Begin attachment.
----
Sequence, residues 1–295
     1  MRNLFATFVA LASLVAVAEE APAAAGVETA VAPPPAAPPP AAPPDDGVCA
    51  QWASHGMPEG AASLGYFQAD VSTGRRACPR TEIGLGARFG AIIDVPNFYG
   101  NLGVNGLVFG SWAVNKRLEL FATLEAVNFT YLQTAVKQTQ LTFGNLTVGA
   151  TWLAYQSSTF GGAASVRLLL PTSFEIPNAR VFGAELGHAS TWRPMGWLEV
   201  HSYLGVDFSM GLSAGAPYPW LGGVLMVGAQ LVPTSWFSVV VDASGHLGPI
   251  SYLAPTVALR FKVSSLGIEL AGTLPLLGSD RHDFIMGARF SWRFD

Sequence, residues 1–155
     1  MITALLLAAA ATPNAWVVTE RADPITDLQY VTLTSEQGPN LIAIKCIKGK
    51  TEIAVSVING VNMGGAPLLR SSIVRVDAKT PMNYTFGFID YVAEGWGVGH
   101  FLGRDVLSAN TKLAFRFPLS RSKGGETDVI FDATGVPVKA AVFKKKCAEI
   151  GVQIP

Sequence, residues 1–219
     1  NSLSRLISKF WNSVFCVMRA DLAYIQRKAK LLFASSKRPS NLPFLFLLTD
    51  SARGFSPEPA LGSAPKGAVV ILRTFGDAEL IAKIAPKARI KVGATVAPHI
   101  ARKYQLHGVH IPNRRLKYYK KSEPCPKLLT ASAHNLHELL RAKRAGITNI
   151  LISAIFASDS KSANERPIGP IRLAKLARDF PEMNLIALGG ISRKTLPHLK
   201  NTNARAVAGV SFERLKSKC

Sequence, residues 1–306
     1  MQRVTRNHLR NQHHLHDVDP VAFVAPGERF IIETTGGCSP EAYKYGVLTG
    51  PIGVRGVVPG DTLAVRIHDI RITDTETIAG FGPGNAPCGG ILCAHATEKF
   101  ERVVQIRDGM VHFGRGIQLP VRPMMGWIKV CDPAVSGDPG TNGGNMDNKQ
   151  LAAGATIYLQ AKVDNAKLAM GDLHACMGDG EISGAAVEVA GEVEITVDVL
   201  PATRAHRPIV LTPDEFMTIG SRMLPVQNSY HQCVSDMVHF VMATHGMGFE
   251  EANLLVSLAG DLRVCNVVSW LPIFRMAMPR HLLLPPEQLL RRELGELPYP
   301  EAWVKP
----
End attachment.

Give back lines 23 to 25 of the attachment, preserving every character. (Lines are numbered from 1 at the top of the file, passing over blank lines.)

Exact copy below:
   151  LAAGATIYLQ AKVDNAKLAM GDLHACMGDG EISGAAVEVA GEVEITVDVL
   201  PATRAHRPIV LTPDEFMTIG SRMLPVQNSY HQCVSDMVHF VMATHGMGFE
   251  EANLLVSLAG DLRVCNVVSW LPIFRMAMPR HLLLPPEQLL RRELGELPYP